Parker completed 9 of 20 passes for 159 yards and two touchdowns, but the Tigers left a lot of plays on the field in the process. There were several dropped balls, including two wide-open passes to top receiver Jacoby Ford. And while the receiving corps is no doubt talented, its consistency has been in question since summer camp. Injury-prone running back C.J. Spiller left the game early with a minor foot injury, leaving some to wonder if he really can carry the offensive load by himself. And, finally, just how much better is Clemson’s offensive line, which returns all five starters from a year ago?
“There’s a lot of room for improvement,” Parker said. “We’re just going to go out and work on it. We kind of limited ourselves and we made a lot of mistakes, but I don’t think it’s anything too big to worry about. I think our guys will get better.”
The Tigers were 4-of-14 on third-down conversions, lost a fumble and threw an interception. And Parker said there were a few times he could’ve gone somewhere else with the ball, but he’s convinced he and his receivers will get better with time.
“I think the chemistry is pretty good. In the game Saturday they dropped some balls early on, but you could definitely tell they were getting better and they made some plays later on in the game,” Parker said. “I think they’ll get better every time they go out there and get experience.”
Thursday night’s game will reveal a lot about how far the Tigers have come under the new staff, and how much more experience is needed.
Duke coach David Cutcliffe warned his team not to take Mike London's Richmond team lightly. A 7-2 Richmond lead might have reinforced his message. The Blue Devils just got on the board with a safety.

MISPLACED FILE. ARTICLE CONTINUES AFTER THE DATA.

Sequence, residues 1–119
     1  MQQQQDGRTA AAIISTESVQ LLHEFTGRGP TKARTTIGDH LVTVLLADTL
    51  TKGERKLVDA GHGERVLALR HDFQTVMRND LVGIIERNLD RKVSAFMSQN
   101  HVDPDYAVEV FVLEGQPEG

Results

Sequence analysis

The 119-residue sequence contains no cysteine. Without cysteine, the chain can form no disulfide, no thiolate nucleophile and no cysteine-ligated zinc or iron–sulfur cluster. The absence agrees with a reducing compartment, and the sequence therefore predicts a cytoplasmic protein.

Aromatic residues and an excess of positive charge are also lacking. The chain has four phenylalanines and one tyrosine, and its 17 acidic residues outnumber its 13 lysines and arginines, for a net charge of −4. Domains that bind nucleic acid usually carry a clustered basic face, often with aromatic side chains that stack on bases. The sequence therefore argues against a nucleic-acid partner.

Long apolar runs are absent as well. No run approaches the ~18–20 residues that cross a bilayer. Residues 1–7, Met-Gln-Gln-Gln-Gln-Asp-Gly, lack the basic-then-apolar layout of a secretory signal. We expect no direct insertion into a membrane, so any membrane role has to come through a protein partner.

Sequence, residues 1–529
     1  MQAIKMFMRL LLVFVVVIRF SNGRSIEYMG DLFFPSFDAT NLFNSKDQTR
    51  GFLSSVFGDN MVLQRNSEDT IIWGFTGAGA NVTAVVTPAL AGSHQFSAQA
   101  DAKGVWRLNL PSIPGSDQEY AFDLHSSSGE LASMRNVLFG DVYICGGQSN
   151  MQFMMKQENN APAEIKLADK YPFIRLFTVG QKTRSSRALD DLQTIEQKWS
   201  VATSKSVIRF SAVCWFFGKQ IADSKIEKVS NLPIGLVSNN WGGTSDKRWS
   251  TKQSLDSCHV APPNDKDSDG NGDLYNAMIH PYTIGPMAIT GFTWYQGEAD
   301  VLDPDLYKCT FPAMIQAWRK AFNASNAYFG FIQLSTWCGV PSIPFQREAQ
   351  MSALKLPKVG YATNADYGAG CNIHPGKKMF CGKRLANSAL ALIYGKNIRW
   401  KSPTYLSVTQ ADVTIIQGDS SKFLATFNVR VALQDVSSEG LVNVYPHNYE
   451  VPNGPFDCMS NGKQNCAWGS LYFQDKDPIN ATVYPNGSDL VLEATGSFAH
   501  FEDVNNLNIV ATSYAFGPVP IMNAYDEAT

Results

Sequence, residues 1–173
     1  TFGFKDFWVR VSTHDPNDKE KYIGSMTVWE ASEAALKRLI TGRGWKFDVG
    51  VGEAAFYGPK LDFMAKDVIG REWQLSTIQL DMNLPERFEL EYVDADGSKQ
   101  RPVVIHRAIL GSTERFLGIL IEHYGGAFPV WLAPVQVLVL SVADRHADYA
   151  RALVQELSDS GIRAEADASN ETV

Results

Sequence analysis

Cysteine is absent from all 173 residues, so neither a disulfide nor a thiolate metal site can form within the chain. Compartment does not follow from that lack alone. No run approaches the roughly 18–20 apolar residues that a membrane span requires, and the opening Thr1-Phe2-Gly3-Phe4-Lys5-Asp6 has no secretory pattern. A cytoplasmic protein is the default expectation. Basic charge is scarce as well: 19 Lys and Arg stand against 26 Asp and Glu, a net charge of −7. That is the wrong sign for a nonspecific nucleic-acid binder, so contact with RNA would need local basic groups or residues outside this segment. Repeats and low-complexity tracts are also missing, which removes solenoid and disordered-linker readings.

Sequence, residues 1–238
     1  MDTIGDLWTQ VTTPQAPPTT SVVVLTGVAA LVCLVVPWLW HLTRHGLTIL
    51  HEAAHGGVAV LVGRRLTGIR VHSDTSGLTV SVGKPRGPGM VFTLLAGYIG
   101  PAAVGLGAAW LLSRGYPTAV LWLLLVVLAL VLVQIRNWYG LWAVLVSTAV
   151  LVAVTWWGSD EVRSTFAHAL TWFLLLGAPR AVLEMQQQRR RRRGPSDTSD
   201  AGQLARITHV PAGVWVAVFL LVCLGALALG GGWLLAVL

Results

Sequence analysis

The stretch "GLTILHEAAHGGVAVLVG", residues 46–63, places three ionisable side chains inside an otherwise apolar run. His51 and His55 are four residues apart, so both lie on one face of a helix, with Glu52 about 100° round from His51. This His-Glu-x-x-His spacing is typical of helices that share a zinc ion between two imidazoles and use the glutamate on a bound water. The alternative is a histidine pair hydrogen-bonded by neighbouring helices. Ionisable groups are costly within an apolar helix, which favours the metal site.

The ACC is getting off to a rocky start, but the teams that were expected to easily handle their lesser opponents are taking care of business. It took UNC a while to get going, but the Tar Heels now lead The Citadel, 23-0, at halftime. Receivers Johnny White and Greg Little, the two receivers who returned with any experience, have each caught touchdown passes, which is a good sign for the passing game, especially since Dwight Jones is out.
At Virginia, Vic Hall and Jameel Sewell have both run for touchdowns, and the Cavaliers are barely keeping William & Mary at bay. Obviously UVA needs the athleticism of their quarterbacks just like Virginia Tech did with Tyrod Taylor last year. They've only got 65 passing yards, and somehow they're still leading despite four turnovers. That's something Wake Forest was unable to do.
Clemson is having its way with Middle Tennessee, but only because of its return game -- Jacoby Ford is ba-ack -- and the three field goals of Richard Jackson. Kyle Parker is having a respectable day, but Willy Korn's fumble led to Middle Tennessee's lone touchdown of the game and Clemson has a 30-7 lead.